The Morikami Museum and Japanese Gardens’ bamboo forest is an excellent South Florida destination for wedding day portraiture, exemplified in this image we captured during the couple’s first look.
Being a wedding photographer occasionally working in Delray Beach, Florida means we have the opportunity to photograph people in love at places like The Morikami. We visit this location often, as it is an easy drive for us from our home in Jupiter. Meeting clients from Boca Raton, Pompano Beach, and Fort Lauderdale can involve a lot of travel for all of us, but even our Miami brides and grooms can easily reach this unique destination. Open to the public from 10am to 5pm limits opportunities during golden hour, but hosting a wedding onsite not only allows for witnessing the glow in the sky but offers an excellent vantage point from which to watch the sunset reflecting in the lake.
The Morikami dates back to 1977, but was inspired by a settlement of Japanese immigrants from over a century ago. Around the turn of the twentieth century, southern Florida farms grew an abundance of crops including pineapples. Today, America’s pineapples are grown nearly exclusively in Hawaii, but 100 years ago Hawaii was not yet a state, and it was difficult to import fresh fruit from remote locations in the Pacific. As the southernmost section of the contiguous US and located in a desirable climate, Florida offered one of the few places to grow pineapples in addition to the indigenous citrus that is abundant in the region to this day. The Japanese community attempted to take advantage of this climate, but the soil and conditions of the specific land area proved too difficult and they abandoned their efforts just a few decades after they began. The community was named “Yamato,” a traditional name for Japan. The small section next to Delray beach still bears this name, as does nearby Yamato Road which allows access to the western portion of Delray Beach that houses the Morikami.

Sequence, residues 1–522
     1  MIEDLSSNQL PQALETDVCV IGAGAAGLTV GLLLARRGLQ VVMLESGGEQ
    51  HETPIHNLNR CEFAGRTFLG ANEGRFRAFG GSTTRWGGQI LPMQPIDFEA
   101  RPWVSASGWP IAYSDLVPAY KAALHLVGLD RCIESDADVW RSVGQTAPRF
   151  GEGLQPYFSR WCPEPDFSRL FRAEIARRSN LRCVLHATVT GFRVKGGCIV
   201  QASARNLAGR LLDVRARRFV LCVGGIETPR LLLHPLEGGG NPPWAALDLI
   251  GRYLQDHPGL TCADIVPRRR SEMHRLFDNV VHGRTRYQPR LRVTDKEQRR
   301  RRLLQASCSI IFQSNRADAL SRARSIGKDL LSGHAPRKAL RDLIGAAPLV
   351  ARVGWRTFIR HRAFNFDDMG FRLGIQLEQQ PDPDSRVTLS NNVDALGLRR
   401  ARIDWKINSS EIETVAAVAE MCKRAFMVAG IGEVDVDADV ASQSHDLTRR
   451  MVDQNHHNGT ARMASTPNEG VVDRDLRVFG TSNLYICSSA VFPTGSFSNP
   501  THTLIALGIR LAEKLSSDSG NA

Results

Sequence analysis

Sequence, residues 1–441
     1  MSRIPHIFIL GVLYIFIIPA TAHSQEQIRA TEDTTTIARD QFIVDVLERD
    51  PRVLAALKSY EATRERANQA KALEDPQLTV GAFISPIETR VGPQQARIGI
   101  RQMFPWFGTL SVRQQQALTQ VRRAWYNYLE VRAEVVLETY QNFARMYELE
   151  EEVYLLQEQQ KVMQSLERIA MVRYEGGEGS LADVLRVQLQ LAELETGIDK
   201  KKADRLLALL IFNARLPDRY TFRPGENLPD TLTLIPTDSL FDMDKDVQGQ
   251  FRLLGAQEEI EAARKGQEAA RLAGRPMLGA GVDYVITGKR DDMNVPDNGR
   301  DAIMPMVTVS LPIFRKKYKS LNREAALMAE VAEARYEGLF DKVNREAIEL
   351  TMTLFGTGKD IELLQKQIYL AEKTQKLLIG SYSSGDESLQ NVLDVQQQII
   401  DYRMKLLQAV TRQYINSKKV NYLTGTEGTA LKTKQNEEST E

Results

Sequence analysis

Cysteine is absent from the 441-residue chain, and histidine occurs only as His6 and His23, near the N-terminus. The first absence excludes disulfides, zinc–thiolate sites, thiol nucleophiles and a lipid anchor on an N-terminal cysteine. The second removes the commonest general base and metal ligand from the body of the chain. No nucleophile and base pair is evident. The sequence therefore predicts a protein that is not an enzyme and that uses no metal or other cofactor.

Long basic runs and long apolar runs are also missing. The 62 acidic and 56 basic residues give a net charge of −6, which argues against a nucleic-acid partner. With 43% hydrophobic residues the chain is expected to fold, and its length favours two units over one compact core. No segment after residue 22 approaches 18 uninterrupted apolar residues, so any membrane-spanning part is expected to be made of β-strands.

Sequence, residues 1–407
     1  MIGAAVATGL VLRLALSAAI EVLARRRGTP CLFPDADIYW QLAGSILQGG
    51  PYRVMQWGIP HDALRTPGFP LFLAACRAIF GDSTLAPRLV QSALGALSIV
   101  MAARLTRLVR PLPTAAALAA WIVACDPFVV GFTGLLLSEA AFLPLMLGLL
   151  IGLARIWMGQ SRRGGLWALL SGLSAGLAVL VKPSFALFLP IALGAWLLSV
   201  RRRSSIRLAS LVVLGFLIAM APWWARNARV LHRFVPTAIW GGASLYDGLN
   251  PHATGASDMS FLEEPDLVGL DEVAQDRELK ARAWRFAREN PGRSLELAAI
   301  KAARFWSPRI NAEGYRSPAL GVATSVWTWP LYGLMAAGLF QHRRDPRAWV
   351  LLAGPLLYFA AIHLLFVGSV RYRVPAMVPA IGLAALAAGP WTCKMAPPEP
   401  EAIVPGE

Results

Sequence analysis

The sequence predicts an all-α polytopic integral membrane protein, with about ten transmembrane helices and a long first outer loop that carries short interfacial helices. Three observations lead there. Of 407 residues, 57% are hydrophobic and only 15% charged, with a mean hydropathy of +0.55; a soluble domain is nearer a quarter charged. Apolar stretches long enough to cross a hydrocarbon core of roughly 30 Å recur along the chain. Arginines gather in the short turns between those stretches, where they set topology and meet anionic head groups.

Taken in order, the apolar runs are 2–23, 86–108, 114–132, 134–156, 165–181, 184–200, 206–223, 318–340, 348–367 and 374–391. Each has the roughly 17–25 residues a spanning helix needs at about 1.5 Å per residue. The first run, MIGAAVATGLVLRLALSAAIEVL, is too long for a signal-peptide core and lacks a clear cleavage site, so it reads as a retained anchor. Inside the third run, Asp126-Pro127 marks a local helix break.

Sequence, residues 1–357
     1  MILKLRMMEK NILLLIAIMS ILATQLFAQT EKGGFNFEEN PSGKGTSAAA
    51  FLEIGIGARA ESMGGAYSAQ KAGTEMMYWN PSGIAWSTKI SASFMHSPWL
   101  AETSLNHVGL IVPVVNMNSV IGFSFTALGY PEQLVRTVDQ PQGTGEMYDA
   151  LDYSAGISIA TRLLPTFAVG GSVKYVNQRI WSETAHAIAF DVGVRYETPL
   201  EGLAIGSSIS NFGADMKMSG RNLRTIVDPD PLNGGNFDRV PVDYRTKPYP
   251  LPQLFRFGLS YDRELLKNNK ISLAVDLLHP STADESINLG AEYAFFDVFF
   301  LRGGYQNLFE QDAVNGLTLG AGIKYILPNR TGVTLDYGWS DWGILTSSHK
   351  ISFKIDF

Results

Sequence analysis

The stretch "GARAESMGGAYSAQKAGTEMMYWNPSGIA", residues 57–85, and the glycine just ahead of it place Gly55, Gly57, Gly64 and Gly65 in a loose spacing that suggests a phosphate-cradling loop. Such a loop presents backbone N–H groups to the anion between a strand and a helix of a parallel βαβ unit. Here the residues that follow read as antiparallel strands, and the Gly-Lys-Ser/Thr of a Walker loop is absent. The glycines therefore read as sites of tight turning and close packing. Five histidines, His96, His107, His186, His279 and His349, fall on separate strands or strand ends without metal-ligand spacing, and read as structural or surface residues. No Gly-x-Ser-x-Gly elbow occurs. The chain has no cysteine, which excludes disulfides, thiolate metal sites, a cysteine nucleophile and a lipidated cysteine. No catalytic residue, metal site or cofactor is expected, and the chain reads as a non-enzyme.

The planned Japanese Gardens are the centerpiece of this museum. Artifacts inside the two buildings reflect centuries of Japanese culture, architecture, and beliefs, while the gardens themselves follow this same formula. A recent expansion of the gardens incorporates inspirations from different periods of history, intertwining them into differentiated sections of the grounds. The idea is to mix multiple types of landscapes, each representing different philosophies and time periods, into one seamless path around the centralized pond. This combination and natural flow allows us to capture images in many types of locales within a short span of time. We have worked here multiple times in the same month and our resulting images have displayed enough variety to suggest they were each shot in a different place.
Avoiding the crowds and having strangers wandering through a photo session, couples who host their nuptials here have the facility to themselves after 5pm. The serenity and peacefulness comes across much more without a sea of tourists occupying the path. (Here the only screaming kids will be the ones whose parents you have invited to witness your celebration.) After dark, lights beam from one of the Morikami’s outbuildings illuminate the water and a line of tress in a soothing hue. This provides just enough light to add depth to the receptions photos and remind guests of the relaxing scenery in which they are vivaciously partying.